• Essay

    When Is It Right (or Wrong) to Rebel?

    Considering Syria Through the Writings of Thomas Hobbes Shows the Promise and Perils of Revolution

    By Christopher J. Finlay

    When protesters confronted the autocrats of Tunisia, Egypt, Libya, and Syria early in 2011, many liberally minded people around the world hailed this ...

  • The Takeaway

    Why Termites Are Giving Humans a Lot to Chew On

    The Industrious "Underbug" Isn't Just Chomping Our Houses. It's Furnishing Clues About the Future of Technology, Energy, and Warfare.

    By Reed Johnson

    Apart from mosquitoes and cockroaches, termites may be the least beloved insects rambling around our planet. But they’re also among the most ...

New at Zócalo


How Midwestern Suffragists Used Anti-Immigrant Fervor to Help Gain the Vote

Women Fighting for the Ballot Saw German Men as Backward, Ignorant, and Less Worthy of Citizenship Than Themselves

By Sara Egge

    In September 1914, the nationally renowned suffragist Anna Howard Shaw spoke to a large crowd at a Congregational Church in Yankton County, South Dakota. Shaw, a slight but charismatic 67-year-old, was a masterful speaker who could be both reserved and lively. She was there to support an amendment on the ballot that would give women in the state the right to vote. It was neither her first visit to South Dakota nor even to Yankton County; during South Dakota’s 1890 suffrage campaign—its first of seven—Shaw had given a forceful lecture at an annual fundraising bazaar for the Methodist Church’s Ladies’ Aid Society. Nearly 25 years had passed, but Shaw’s resolve had not wavered, and she remained a spellbinding orator. The editor of the Dakota Herald, one of Yankton County’s local newspapers, called her “brilliant,” “delightful,” and ...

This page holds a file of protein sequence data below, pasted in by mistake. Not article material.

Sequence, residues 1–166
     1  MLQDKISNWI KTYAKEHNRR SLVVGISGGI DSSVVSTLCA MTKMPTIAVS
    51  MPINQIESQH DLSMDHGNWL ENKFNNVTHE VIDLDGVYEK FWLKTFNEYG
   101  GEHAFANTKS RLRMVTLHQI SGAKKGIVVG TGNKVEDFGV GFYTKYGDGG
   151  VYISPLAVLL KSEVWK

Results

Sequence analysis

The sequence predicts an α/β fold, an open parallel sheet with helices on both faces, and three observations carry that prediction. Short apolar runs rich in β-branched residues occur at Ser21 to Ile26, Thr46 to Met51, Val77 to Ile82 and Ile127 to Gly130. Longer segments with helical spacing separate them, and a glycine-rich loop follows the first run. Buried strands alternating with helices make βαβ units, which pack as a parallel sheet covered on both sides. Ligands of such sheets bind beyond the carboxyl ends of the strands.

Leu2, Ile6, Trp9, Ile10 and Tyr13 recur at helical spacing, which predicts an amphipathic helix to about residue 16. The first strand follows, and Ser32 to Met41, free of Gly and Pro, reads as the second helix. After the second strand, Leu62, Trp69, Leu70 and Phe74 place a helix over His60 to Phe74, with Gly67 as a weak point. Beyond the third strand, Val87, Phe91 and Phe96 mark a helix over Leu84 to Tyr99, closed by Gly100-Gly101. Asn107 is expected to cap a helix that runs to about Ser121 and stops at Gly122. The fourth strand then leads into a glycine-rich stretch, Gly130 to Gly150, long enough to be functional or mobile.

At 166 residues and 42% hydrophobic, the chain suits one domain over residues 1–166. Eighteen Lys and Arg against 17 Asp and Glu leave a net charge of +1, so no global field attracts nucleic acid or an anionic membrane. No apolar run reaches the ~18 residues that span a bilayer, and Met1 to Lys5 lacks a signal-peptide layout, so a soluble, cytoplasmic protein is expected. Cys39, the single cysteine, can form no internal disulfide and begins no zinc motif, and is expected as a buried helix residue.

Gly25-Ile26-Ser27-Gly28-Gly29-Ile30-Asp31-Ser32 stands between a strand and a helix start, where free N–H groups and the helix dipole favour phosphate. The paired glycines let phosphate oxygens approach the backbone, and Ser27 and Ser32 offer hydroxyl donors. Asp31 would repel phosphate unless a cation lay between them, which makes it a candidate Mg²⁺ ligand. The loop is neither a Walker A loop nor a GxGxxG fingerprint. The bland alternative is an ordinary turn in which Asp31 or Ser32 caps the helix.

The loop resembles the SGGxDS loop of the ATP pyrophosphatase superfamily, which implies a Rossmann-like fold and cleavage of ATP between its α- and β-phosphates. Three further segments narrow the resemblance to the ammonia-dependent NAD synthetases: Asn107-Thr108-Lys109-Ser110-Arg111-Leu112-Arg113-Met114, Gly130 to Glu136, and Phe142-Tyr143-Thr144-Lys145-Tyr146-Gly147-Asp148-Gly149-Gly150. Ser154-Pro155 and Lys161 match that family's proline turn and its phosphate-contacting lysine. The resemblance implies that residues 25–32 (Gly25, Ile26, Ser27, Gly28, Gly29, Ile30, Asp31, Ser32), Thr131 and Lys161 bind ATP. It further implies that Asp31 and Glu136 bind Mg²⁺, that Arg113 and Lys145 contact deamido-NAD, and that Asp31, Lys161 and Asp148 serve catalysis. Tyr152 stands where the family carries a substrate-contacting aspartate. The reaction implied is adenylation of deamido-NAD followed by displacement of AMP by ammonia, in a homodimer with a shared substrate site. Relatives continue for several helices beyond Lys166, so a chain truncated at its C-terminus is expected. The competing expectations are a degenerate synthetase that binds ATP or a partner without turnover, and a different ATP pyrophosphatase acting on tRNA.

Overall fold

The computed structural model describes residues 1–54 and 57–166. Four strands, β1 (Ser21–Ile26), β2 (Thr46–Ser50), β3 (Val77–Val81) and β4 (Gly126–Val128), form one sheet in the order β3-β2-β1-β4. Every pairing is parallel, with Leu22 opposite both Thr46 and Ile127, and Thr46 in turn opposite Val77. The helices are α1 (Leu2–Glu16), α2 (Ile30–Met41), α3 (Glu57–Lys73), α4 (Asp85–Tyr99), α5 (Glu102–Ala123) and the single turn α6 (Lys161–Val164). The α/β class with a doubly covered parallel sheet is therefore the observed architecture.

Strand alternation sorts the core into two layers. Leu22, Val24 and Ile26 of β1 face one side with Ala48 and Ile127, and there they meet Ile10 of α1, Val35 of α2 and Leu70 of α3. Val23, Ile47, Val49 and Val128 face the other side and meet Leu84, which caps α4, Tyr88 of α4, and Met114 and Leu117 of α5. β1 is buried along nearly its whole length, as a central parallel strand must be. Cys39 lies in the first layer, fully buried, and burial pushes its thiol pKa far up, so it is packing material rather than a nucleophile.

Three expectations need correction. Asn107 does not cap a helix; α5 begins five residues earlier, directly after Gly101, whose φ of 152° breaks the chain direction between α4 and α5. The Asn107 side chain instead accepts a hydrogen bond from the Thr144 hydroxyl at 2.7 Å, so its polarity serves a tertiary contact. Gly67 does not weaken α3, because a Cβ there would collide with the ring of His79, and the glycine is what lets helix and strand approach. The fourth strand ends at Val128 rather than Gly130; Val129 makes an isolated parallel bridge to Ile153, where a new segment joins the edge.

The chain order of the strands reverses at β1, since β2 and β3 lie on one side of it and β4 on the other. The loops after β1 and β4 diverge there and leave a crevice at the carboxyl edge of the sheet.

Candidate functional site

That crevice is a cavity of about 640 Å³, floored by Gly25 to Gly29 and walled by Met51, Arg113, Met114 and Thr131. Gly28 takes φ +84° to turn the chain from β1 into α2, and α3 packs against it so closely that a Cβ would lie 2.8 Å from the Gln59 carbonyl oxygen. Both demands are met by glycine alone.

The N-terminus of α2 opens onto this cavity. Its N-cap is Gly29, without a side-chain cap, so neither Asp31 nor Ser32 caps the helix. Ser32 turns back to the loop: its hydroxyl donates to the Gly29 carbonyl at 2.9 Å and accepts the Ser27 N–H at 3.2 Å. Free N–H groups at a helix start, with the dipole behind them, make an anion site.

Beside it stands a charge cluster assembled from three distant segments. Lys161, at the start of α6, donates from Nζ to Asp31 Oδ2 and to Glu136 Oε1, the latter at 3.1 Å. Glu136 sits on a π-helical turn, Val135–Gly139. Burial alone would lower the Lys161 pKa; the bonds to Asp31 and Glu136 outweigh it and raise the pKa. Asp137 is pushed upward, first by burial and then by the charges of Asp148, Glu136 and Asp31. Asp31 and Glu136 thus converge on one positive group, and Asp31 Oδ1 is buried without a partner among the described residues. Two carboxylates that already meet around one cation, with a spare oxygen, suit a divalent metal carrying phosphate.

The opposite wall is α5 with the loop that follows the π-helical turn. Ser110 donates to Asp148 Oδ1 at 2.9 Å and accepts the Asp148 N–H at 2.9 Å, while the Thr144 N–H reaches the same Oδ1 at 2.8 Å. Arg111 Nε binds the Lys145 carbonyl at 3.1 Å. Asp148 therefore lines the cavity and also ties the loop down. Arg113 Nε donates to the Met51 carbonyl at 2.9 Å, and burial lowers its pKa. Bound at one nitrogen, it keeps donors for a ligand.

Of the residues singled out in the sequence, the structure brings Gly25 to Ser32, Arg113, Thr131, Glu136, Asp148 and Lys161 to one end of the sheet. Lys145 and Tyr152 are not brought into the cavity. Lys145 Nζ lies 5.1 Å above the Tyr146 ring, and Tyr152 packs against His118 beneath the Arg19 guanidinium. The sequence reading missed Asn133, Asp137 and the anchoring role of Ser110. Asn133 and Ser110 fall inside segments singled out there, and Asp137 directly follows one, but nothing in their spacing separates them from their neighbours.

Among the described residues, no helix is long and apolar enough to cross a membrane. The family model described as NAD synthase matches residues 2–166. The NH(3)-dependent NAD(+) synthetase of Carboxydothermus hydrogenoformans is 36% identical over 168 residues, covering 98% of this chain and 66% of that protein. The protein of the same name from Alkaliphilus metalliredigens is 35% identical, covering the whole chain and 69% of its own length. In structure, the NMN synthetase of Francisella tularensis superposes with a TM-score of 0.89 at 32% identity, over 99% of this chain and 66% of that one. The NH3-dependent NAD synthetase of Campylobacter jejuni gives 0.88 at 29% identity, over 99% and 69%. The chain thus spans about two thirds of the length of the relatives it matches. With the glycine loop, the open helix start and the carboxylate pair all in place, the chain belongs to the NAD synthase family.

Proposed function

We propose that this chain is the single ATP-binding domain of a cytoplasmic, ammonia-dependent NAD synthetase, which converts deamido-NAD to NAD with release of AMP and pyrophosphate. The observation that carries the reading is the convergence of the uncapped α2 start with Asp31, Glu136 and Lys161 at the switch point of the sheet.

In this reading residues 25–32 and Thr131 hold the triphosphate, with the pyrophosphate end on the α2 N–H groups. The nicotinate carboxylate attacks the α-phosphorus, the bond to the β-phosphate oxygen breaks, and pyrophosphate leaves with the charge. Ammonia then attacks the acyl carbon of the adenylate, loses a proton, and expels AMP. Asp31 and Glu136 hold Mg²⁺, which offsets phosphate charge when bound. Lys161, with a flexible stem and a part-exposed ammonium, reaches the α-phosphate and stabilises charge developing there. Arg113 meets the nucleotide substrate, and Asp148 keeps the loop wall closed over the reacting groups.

Why Do So Many Public Buildings in the U.S. Look Like Greek Temples?

In the Architectural Void of a New Nation, William Strickland Borrowed from Ancient Athens to Express America's Democratic Ethos

By Robert Russell

    President Andrew Jackson took a keen interest in the construction of the federal mint in Philadelphia, a grand, columned edifice, inspired by the temples of ancient Greece, that opened in 1833. Jackson was not a man known for his appreciation of cultural and artistic pursuits. A populist who famously railed against the elites, he had initially wanted to construct a simple building for minting money quickly, because there was a severe shortage of specie—coins—in the country at the time.
    Gradually, though, he came around to the idea of a grander mint, and became personally involved in many aspects of the building’s design, from its placement in a prime location, backed up to one corner of Centre Square, at the literal center of Philadelphia, to the rich materials used in its construction. Brick became marble, a copper ...

Connecting California Joe Mathews


  • By Magda Kapa

    How does the night move?
    There must be a moment
    when it moves over your body.
    You are half night, ...

  • By Caitlin Mohney


    from here the earth
    is a shade of the darkest
    blue before black ...

  • Video Highlights

    Looking Back at Four Years of “What It Means to Be American”

    The Smithsonian/ASU/Zócalo Project on U.S. History and Identity Is Just Getting Started

    Since its launch on April 14, 2014, the "What It Means to Be American" project has convened 12 events in seven cities and published more than 300 essays on American history and identity. And we're just getting started. Here's a look back at where we've been, and where we're going.